The relative solubilities of monazite (Mnz), xenotime (Xno), and apatite (Ap: REE- and Sr-rich, and REE- and Sr-poor) have been studied in peraluminous granitic liquids in month-long experiments at 750 °C and 200 MPa (PH2O). In contrast with the high solubility of the apatite (0.7 wt% P2O5) in strongly peraluminous liquids, monazite and xenotime have much lower solubilities (<0.05 wt% P2O5). In mildly to strongly peraluminous compositions, P2O5 in the liquid is 0.03–0.04 wt% at xenotime saturation and 0.02–0.05 wt% at monazite saturation; in keeping with the low P in the glasses, RE2O3 contents are below EMP detection thresholds (≤0.08 wt%) for all conditions of experiments (saturation of liquid at equilibrium and local saturation around apatite). Apatite dissolves incongruently, crystallizing REE-rich monazite on its surface (1–4 μm-long grains), resulting in similar low REE contents in liquids. Monazite precipitation occurs along the margins of dissolving apatite crystals, even though the bulk liquid is not monazite-saturated. The abundance of monazite microcrystals increases with the REE content of the apatite and the degree of apatite dissolution. The reaction relationship (Ap + Liq1 → Mnz + Liq2), stemming from differences in relative solubilities (greater than an order of magnitude) between apatite and monazite, results in the dissolution of much smaller amounts of REE into peraluminous liquids than expected by simple evaluation of apatite REE contents. The amount of REE contributed from apatite directly to peraluminous granitic liquid is related to the amount of apatite dissolved by simple mass balance only if the total REE content of the apatite is sufficiently low that monazite saturation in liquid (50–100 ppm RE2O3 at 750 °C) is avoided. During dissolution of Sr-rich apatite, the Sr partitions into the liquid, and, at 750 °C and 200 MPa (PH2O), the diffusion coefficient of Sr in liquid is ~2 x 10−10 cm2/s (R2 = 0.659).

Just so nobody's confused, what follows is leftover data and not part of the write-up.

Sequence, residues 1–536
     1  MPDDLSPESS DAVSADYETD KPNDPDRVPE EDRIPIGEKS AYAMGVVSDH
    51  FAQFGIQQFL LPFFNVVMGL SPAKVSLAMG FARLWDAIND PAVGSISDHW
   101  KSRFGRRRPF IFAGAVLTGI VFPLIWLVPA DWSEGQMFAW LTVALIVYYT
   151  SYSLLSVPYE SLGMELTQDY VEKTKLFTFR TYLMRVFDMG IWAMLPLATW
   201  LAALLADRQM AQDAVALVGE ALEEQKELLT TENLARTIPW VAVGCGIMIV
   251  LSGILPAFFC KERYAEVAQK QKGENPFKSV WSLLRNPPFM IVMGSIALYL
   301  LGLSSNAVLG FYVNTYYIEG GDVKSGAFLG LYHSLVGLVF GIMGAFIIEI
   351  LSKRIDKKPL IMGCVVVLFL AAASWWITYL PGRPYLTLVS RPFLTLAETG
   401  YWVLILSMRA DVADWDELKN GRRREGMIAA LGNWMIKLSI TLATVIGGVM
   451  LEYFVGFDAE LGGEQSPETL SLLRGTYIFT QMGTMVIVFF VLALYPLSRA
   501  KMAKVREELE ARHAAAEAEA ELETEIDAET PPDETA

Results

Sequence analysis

The reaction relationships described above may have application to some textural features observed in natural igneous rocks. For example, clusters of monazite microcrystals might be indicators of dissolved apatite; monazite morphology can be used to distinguish the source of its REE and the general petrological process (rock anatexis or magma crystallization) under which the monazite formed. In addition, monazite microcrystals could serve as nucleation sites for other minerals, which might explain their common inclusion in biotite and amphibole within granitoids.

This content is PDF only. Please click on the PDF icon to access.

First Page Preview

First page PDF preview
You do not have access to this content, please speak to your institutional administrator if you feel you should have access.